“Don't ever believe that Narcissists don't understand they have hurt you. They know exactly what they did and why they did it. The reason they can't stop their abuse is because the narcissistic supply is their addiction. Unlike, drug addicts that need their fix to feel normal, narcissists need to feel significant. This is their addiction. Even if it takes destructive ways to have this emotional balance they will pursue it. Your feelings don't count only the supply does. The greater the supply the greater the drama in your life as they pursue it. So, get over believing they don't understand. They do understand. You just found out and got in the way of their easy access to greater supply than you.”
Shannon L. Alder

“Black-and-white thinking is the addict's mentality, which can be a bar to recovery when one is still active. But an addict who finds the willingness can then rely on the same trait to stay clean: "Just don't drink," they say in AA.
How's that going to work for an addicted eater? Food addicts have to take the tiger out of the cage three times a day. I've read that some drinkers have tried "controlled drinking," and it hasn't been very successful. Eaters don't just have to try it; they must practice it to survive.
Having a food plan is an attempt to address that, and having clear boundaries is a key to its working. But the comfort of all or nothing is just out of reach.
...
I'm saying that food addicts, unlike alcoholics and may others, have both to try for perfection and to accept that perfection is unattainable, and that the only tool left is a wholesome discipline.
The problem is, if we had any clue about wholesome discipline, we wouldn't be addicts.”
Michael Prager, Fat Boy Thin Man

Henry Cloud
“You cannot fix people who will not take feedback, because from their perspective, they do not have a problem.”
Henry Cloud, Necessary Endings: The Employees, Businesses, and Relationships That All of Us Have to Give Up in Order to Move Forward

Edward Conlon
“It wasn't as if crack was getting great press in the South Bronx in 1999, but it took a particular kind of idiot to wake up one day and say, 'Angel dust is a product I've heard nothing but good about, and it's about time I was involved.”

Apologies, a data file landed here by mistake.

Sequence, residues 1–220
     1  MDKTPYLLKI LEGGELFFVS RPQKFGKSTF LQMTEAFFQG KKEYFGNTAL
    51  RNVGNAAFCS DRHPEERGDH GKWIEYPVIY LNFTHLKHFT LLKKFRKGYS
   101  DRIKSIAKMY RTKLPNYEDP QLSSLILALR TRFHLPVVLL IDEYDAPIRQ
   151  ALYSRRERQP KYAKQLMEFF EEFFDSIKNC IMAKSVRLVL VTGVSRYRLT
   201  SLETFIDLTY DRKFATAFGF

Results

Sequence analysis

Edward Conlon, Blue Blood

Asa Don Brown
“No one wants to be entrapped by his or her addictive habit...”
Asa Don Brown

Anne Clendening
“An addict newly separated from their thing, whether it's drinking, drugs, throwing up ten times a day or anything else is like a person with no head. Your entire identity goes M.I.A. once you're no longer doing it.”
Anne Clendening, Bent: How Yoga Saved My Ass

Mokokoma Mokhonoana
“Not all good things are good for us.”
Mokokoma Mokhonoana

“Changing a Habit is Never Difficult.
Difficult is to Address Your Unwillingness to do it”
Vineet Raj Kapoor

“Human beings have a deep need to bond and form connections. If we can’t connect with each other, we will connect with whatever we can find … It is disconnection that drives addiction.”
Christopher Kennedy Lawford, When Your Partner Has an Addiction: How Compassion Can Transform Your Relationship

Asa Don Brown
“It is essential that children who are directly or indirectly affected by domestic violence receive psychological care.”
Asa Don Brown

“It is not a coincidence that you and your partner are together. You each have something to learn from one another …. The most important thing you can do to support your partner in his [or her] recovery is to show that you are truly supportive and on his [or her] side.”
Christopher Kennedy Lawford, When Your Partner Has an Addiction: How Compassion Can Transform Your Relationship

Enock Maregesi
“Kuwa teja wa mafanikio.”
Enock Maregesi

“Compassion is the most powerful tool you can have when it comes to healing addictions of any kind. Put simply, what your partner needs most from you is compassion.”
Christopher Kennedy Lawford, When Your Partner Has an Addiction: How Compassion Can Transform Your Relationship

Asa Don Brown
“...Studies have found that children who witness abuse are more likely to accept relationships that are abusive.”
Asa Don Brown

“Someone who is trying to be sober is often trying to work out deeper emotional issues and is attempting to undo years of habitual behavior. When you reduce recovery to just abstinence, it simplifies what is really a much more complex issue.”
Sasha Bronner

Asa Don Brown
“The bleak optimism has skewed the overall views of our societal perspectives on substance abuse.”
Asa Don Brown

Asa Don Brown
“The legal and judicial system view substance use as a criminal matter; while the mental health system has been fighting for generations to change that particular perspective.”
Asa Don Brown

“Be aware of your addiction to the addicted.”
Jennifer Ho

Mokokoma Mokhonoana
“Life is a daily battle with people and things that are trying to change us and those that are trying to prevent us from changing.”
Mokokoma Mokhonoana